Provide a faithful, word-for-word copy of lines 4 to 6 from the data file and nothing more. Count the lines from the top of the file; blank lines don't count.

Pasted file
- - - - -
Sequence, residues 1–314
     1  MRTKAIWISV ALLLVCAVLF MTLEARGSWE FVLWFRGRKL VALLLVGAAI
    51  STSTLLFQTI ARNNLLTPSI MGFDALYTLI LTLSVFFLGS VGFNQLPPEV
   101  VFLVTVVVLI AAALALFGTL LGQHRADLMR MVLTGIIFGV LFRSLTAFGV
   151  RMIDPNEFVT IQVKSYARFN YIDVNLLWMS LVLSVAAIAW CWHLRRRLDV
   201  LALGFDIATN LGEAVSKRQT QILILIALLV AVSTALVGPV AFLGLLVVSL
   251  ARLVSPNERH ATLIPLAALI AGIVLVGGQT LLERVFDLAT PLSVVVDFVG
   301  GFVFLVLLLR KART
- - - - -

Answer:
   101  VFLVTVVVLI AAALALFGTL LGQHRADLMR MVLTGIIFGV LFRSLTAFGV
   151  RMIDPNEFVT IQVKSYARFN YIDVNLLWMS LVLSVAAIAW CWHLRRRLDV
   201  LALGFDIATN LGEAVSKRQT QILILIALLV AVSTALVGPV AFLGLLVVSL